I'm an engineer by trade but I love woodworking. My dad is a carpenter and I fondly remember hanging around his workplace smelling the sawdust. I think that's what drew me in as an adult. I've made kitchens for a few people but I mostly make pieces of furniture or whatever idea occurs to me.
Below is a bed I made for my son. I learned a lot on that one. The rail pieces were routed at the same time, following the same line. So when it came time to assemble, all the slots lined up. I followed a downloaded plan for that project, otherwise I probably would have used a more difficult technique. I wasn't so happy with the finish. Finishes in general have a bit of unpredictability. I feel it was too dark and too opaque, but my son appreciated it and uses it every night.
Below are pictures from a kitchen I made for my aunt. For a lot of reasons, my Aunt Mary is very special to me. She lives in a house with a small, somewhat awkward kitchen space. I was able to add a lot more storage and counter space. Best of all, I installed the cabinets with the help of my cousin. We got to work together all weekend, although it was more play than work. She picked the style of the cabinets from a magazine or something. I used walnut on this project. It was my first time working with this species. What a gorgeous wood. I got a good deal on it and was able to keep her cost reasonable.
Below is a sewing machine table I made for my wife. This was actually built from a combination of wood species and mostly short pieces I already had. I do that often. Hardwoods are pricey so I tend to use whatever I have on hand. Sometimes the contrast works in my favor but honestly, sometimes it doesn't come out as I had visualized. I was happy with this one. You'll notice the drawer front was actually made from the same piece I cut out to make its opening, so the grain matches all the way across. I thought this was cool and a thrifty conservation of material. My wife uses it every day.
Madera Canyon Mesquite
This project starts with a hunting story. My cousin Javy bought me a compound bow for my birthday in 2005. He's very generous but this gift served a purpose for him as well. He had already been bowhunting several years and often went alone. He wanted a reliable hunting partner and thought I was a good candidate. It worked. I had shot cheap fiberglass recurves as a kid and always liked it. The bow he gave me was awesome. I had no idea of their potential. I've bow hunted ever since. We hunt the Santa Rita Mountains in Southern Arizona every year. It's beautiful country. Many people don't realize how much life exists in the desert. But we're blessed with an abundance of flora and fauna, especially around the foothills of our mountains. That place is very special to me. I feel closer to God and earth when I'm there. I experience a great reset every time I go.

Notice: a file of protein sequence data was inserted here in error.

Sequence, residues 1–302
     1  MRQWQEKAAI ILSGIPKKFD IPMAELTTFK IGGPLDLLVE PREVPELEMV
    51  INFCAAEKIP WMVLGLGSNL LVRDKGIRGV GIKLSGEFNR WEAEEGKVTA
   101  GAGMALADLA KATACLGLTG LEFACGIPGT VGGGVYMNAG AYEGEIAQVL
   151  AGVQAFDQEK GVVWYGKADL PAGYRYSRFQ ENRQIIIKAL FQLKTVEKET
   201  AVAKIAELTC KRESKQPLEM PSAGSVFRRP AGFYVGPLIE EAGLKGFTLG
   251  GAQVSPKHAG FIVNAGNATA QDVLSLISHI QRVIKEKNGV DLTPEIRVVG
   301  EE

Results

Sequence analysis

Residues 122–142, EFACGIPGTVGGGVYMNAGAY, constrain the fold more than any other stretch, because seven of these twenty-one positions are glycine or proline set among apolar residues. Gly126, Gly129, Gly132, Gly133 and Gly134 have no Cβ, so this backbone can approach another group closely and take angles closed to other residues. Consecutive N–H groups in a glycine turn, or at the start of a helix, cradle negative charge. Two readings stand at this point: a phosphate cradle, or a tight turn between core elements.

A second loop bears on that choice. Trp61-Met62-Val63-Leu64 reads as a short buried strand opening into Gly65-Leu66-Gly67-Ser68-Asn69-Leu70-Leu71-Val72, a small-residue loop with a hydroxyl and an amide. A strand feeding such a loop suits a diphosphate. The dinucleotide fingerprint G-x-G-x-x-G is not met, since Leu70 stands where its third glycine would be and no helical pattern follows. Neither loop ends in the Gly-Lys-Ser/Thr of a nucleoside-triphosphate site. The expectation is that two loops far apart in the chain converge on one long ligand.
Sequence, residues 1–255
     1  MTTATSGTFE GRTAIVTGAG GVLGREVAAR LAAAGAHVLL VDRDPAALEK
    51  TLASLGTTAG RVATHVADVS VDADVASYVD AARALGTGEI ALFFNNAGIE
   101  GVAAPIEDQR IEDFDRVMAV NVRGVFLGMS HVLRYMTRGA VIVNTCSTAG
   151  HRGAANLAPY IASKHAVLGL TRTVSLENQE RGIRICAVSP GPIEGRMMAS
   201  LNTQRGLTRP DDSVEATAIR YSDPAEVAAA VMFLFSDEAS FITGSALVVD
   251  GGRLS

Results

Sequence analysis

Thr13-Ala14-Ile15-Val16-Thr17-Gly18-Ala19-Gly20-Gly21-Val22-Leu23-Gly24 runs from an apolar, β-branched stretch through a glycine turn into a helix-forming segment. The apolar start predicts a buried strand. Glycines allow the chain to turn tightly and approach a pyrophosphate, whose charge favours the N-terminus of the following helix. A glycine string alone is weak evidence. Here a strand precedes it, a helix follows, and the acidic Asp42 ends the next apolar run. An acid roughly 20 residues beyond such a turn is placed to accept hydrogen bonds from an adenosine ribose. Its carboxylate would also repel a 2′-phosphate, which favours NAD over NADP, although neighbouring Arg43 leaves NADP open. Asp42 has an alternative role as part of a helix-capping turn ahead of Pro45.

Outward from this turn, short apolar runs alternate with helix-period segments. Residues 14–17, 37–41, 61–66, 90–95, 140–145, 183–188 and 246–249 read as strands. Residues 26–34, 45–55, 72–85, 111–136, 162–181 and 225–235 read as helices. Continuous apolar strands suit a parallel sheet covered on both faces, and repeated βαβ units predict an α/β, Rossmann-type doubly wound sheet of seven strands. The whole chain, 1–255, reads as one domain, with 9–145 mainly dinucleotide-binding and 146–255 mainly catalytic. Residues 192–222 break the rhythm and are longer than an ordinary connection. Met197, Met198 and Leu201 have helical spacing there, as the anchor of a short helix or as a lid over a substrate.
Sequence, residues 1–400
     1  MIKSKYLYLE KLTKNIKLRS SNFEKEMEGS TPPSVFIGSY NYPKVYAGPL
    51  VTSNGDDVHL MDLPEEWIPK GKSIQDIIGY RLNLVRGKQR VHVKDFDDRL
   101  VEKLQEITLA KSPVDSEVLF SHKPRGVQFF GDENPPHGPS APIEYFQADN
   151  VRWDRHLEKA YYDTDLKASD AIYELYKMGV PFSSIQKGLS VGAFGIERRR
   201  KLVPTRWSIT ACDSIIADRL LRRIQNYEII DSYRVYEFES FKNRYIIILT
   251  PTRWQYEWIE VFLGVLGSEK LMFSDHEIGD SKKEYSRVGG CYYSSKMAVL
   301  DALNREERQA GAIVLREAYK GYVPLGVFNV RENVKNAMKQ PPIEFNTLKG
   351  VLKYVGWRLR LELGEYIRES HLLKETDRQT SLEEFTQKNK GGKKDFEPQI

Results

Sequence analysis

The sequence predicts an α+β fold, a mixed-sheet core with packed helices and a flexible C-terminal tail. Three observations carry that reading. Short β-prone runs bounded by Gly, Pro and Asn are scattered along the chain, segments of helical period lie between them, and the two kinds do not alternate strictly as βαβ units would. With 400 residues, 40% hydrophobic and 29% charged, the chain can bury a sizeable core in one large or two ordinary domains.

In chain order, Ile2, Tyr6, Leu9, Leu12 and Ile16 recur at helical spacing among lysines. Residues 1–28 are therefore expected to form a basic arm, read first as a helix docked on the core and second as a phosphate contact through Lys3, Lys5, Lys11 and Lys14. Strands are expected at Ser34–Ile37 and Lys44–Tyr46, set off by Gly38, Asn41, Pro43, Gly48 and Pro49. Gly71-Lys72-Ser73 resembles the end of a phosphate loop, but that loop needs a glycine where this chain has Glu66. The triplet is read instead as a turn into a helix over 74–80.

We were gathering some firewood when I spotted some purple in a chunk of mesquite. Mesquite is a beautiful wood. It's highly colored and figured. Its drawback is that it doesn't grow straight and can have areas of rot within the mass. It's like parts of the tree die but the living portions grow around the dead. My light bulb lit up. I had recently bought an old single action pistol with damaged grips. I immediately visualized the grip from that chunk. Even the curvature seemed to fit. I brought home a few pieces and started messing around with it. The firewood we gather is dead and down, so it's been naturally dried for a long time. It cut well, although messy with dirt and pebbles engrained in the wood. Mesquite is a tree that acts like a bush so many of the limbs live on the ground. I found a perfect piece and sliced it book-match style. Each half is quite different, but they came from the same chunk.
The insides of the grip are technical because there are gun parts with the handle. I had to work around brackets and a spring. The outside, however, was all freehand. I didn't really have a plan for that, I just kept whittling and sanding till it felt right in my hand. I also didn't want to use any hardware. The two halves are joined using two dowels near the top and two splines near the bottom. I had to place the dowels carefully so they wouldn't interfere with the inner workings. I didn't know about the moving mechanism within the handle of a revolver. It changed the look of the pistol. Now it seems like a relic from the old west. More importantly, it carries a little piece of that special place my cousin and I love so much.
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